Further review of the surveillance videos showed McCray at around 10:45 p.m. walking across the sixteenth floor of the hotel to stairway D, which led to Madame Tussaud's and an exit to 41st Street. (Horniak: Tr. 458-59, 478-79, 483-84, 487, 490-91.) The surveillance footage also yielded a snapshot of McCray's face. (Horniak: Tr. 457-61; Rainey: Tr. 517-18.) Hilton security, unsure whether McCray had left the building, reported the break-in to Rainey. (Horniak: Tr. 486-87; Rainey: Tr. 517.)

Around midnight, Madame Tussaud's security manager normally clears the museum of guests. (Bagshaw: Tr. 590.) At that point, both the public and employees are barred from the musuem without permission. (Bagshaw: Tr. 589-93.) Nobody had permission to enter the building after hours on October 6 or October 7, 2009. (Bagshaw: Tr. 591-92, 595.)

Around 1:30 a.m. on October 7, 2009, one of Madame Tussaud's security cameras showed McCray entering the fifth floor from stairway D. (Bagshaw: Tr. 594, 618-19.) McCray was wearing the same blue sweatshirt as when he was seen in the Hilton. (Bagshaw: Tr. 598-99.) For over two hours, multiple cameras caught McCray moving throughout Madame Tussaud's fourth, fifth, seventh, eighth and ninth floors. (Bagshaw: Tr. 594-608, 618-22.) These floors included areas not open to the public, such as storage facilities and the "AV control room." (Bagshaw: Tr. 599-608; Whitely: Tr. 630.) McCray was not a museum employee and did not have permission to be there after hours. (Bagshaw: Tr. 591-92, 594-95, 597, 608.)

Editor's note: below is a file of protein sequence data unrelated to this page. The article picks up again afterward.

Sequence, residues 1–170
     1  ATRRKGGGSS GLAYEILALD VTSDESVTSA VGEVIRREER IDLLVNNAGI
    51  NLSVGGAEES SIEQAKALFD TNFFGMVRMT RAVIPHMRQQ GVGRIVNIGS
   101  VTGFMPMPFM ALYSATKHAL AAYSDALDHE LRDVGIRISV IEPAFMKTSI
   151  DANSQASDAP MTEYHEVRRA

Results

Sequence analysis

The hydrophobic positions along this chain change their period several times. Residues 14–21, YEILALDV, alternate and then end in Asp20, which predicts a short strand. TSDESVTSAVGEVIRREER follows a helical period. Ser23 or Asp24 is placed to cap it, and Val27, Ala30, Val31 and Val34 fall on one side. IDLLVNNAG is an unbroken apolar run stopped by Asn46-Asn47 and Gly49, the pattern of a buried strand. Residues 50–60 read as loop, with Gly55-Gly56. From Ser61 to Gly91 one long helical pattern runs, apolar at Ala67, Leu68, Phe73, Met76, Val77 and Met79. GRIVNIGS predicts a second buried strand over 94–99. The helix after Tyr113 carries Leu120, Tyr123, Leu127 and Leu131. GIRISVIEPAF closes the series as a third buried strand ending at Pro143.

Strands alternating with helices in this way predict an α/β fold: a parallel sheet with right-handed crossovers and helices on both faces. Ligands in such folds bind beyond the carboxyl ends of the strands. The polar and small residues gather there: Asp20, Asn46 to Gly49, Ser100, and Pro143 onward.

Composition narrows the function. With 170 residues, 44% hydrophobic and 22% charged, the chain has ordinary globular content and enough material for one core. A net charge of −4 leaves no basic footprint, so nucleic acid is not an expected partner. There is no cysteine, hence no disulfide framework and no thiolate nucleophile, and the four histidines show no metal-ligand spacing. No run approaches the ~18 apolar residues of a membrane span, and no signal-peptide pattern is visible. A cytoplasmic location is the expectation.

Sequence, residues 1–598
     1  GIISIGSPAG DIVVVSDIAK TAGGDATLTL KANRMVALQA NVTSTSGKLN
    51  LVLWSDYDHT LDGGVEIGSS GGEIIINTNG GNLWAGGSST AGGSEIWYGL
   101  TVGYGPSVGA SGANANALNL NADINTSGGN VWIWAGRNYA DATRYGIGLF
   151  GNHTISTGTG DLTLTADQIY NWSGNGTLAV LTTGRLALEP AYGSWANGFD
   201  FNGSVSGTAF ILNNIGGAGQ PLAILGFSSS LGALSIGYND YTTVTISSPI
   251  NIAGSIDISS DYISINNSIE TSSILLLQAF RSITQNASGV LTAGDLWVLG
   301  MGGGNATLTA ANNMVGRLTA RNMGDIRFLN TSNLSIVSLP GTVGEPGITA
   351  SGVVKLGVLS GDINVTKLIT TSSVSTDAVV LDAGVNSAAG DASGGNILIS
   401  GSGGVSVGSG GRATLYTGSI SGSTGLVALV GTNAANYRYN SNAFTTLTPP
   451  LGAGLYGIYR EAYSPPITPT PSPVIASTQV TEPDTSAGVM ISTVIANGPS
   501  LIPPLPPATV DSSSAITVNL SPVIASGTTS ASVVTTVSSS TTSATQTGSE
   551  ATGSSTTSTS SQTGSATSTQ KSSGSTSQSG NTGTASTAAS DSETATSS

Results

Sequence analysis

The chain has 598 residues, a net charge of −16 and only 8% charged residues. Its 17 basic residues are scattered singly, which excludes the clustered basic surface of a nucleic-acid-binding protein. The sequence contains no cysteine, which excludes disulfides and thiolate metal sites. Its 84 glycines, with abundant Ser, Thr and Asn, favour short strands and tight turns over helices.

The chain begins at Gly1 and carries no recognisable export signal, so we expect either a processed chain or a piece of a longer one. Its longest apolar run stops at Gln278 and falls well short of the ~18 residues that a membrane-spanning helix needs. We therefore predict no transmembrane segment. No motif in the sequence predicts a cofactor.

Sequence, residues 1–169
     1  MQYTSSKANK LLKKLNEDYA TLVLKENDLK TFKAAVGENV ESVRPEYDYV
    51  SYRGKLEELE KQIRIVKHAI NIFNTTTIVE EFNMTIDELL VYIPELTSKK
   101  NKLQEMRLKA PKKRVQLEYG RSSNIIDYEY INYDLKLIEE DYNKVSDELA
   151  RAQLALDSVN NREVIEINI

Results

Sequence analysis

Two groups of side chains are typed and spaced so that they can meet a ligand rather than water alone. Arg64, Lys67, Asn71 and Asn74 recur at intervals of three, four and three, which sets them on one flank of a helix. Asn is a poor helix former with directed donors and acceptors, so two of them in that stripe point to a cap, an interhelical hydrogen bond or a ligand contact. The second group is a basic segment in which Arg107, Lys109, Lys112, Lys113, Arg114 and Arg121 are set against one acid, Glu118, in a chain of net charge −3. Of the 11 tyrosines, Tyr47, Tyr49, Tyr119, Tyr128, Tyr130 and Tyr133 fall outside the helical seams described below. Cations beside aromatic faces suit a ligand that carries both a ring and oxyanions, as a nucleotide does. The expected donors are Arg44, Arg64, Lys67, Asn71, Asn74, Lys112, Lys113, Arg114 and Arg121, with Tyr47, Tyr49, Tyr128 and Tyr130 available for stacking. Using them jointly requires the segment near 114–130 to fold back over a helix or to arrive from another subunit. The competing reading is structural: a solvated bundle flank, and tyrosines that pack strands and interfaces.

At approximately 1:45 a.m., a security camera showed McCray in a storage area closed to the public. (Bagshaw: Tr. 600-02.) Similarly, at about 2:45 a.m., McCray was caught on camera rummaging through desks in a private office area. (Bagshaw: Tr. 602-03.) At about 3:00 a.m., cameras captured McCray pushing a large box across a ninth floor gallery, through a door and through the emergency exit to stairway D. (Bagshaw: Tr. 595-96.) At about 3:20 a.m., a cameracaught McCray taking a hand truck from the fifth floor and moving it toward the exit to stairway D. (Bagshaw: Tr. 601-02.)

Horniak met Rainey outside the Hilton entrance on 41st Street shortly before 4:00 a.m., and gave him a copy of the surveillance photograph of McCray's face. (Horniak: Tr. 461, 466, 486-87; Rainey: Tr. 517-18.) Both soon spotted McCray coming out of stairway D's exit onto 41st Street. (Horniak: Tr. 461-62, 468, 495, 503-06, 509; Rainey: Tr. 517-18.) They observed McCray wearing a dark colored Yankees cap, jeans and a black shirt, and pushing a hand truck loaded with two boxes that appeared to contain electronic equipment. (Horniak: Tr. 462, 506-07, 510; Rainey: Tr. 520, 550-52, 555.)

Rainey followed McCray while Horniak remained at the hotel. (Horniak: Tr. 463-64, 507; Rainey: Tr. 520-24, 528.) Rainey flagged down a passing police car on Ninth Avenue. (Rainey: Tr. 524, 557.) Rainey identified himself, alerted the...